3D-printed ovaries successfully restore mouse's fertility in 'holy grail of bioengineering'

Posted May 18, 2017

Located in IL, the team of scientists at Northwestern announced mice implanted with 3D printed ovaries have successfully produced healthy pups.

By removing a female mouse's ovary and replacing it with a bioprosthetic ovary, the mouse was able to not only ovulate but also give birth to healthy pups.

A mouse with 3D-printed ovaries has successfully given birth to healthy pups, according to a new study.

The review by Northwestern University Feinberg School of Medicine and McCormick School of Engineering found that by evacuating a female mouse' ovary and supplanting it with a bioprosthetic ovary, the mouse could ovulate as well as bring forth solid pups. "Utilizing bioengineering, rather than transplanting from a dead body, to make organ structures that capacity and reestablish the wellbeing of that tissue for that individual is the heavenly chalice of bioengineering for regenerative solution".

The team is hopeful that similar bioprosthetic ovaries can be implanted in human patients to restore fertility, using a patient's own previously extracted follicles or donated samples.

Ramille Shah, Assistant Professor at the Northwestern University said, the architecture of the scaffold and the material, or "ink", that was used in the bioprosthetic ovaries are different from other 3-D printed structures.

Woodruff said that the ultimate goal was not just to allow women to get pregnant, but to restore the total health of a woman's endocrine system. The ovaries were built by printing various patterns of overlapping gelatin filaments on glass slides - each "scaffold" measured a mere 15 by 15 millimeters.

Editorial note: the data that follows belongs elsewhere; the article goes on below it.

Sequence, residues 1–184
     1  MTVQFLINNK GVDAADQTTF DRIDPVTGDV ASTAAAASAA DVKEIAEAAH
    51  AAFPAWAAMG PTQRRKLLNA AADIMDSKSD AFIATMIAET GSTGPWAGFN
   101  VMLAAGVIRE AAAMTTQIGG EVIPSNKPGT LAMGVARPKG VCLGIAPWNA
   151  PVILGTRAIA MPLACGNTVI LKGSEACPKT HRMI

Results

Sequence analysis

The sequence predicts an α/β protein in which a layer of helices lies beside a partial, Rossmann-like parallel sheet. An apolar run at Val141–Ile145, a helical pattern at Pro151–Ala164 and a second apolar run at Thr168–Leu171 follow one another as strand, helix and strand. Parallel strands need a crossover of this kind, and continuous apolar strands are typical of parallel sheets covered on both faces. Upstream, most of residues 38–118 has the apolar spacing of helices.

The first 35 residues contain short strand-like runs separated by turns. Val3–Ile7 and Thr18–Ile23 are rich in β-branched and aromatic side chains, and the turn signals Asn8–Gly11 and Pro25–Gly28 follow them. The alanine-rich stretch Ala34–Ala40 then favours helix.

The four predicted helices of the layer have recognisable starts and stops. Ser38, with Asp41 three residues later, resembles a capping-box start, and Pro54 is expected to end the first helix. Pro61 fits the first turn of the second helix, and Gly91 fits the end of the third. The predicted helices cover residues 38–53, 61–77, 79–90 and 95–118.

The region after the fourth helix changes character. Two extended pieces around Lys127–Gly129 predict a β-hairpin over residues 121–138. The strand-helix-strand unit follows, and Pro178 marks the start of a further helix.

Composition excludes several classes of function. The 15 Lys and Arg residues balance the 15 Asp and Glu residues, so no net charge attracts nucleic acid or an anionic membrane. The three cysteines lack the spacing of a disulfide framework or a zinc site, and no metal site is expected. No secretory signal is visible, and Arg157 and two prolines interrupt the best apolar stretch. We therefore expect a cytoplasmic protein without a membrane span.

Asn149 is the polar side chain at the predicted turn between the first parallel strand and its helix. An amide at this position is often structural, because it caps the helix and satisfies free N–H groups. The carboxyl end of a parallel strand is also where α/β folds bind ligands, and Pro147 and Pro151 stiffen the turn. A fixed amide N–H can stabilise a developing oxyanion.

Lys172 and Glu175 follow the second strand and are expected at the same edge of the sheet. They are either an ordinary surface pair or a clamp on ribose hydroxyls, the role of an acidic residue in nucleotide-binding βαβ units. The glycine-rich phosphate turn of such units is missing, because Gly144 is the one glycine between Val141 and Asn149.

"Our hope is that one day this ovarian bioprosthesis is really the ovary of the future", said Teresa Woodruff at Northwestern University in Chicago.

Monica Laronda: Creating an engineered ovary was motivated by the need to restore hormone function and the option of fertility in young girls or women whose ovaries are affected by disease or treatments.

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The team created biological hydrogel made from broken-down collagen that was easy to handle during surgery and interacted well with the mice tissue. At a certain temperature, the team found that they could print complex, multi-layered structures with it, and eventually this led them to constructing a synthetic ovary.

Martin Ledwick, head information cancer nurse for Cancer Research UK says: "Fertility preservation is an important issue for many patients whose treatment is likely to leave them infertile..."

After that first attempt, they looked for another way to create the "bioprosthetic." and made a decision to use a 3-D printed ovary.

Although it required decades of research to be able to 3D-print these ovary scaffolds in the first place, the team uncovered plenty of new information along the way.

Young patients who lose ovary function often need hormone replacement therapy to trigger puberty. It also allowed for the formation of blood vessels, which permitted the circulation of hormones during pregnancy, and triggered lactation after birth. We restored ovarian function with this bioprosthetic ovary in sterilized mice.

There's more on how 3-D printing works in medicine at the U.S. Food and Drug Administration.

"Right now we are using this fundamental discovery to being to scale that bio prosthetic ovary for larger animals", Woodruff said. The scaffold supports the survival of the mouse's immature egg cells and the cells that produce hormones to boost production.

The paper is distributed in Nature Communications.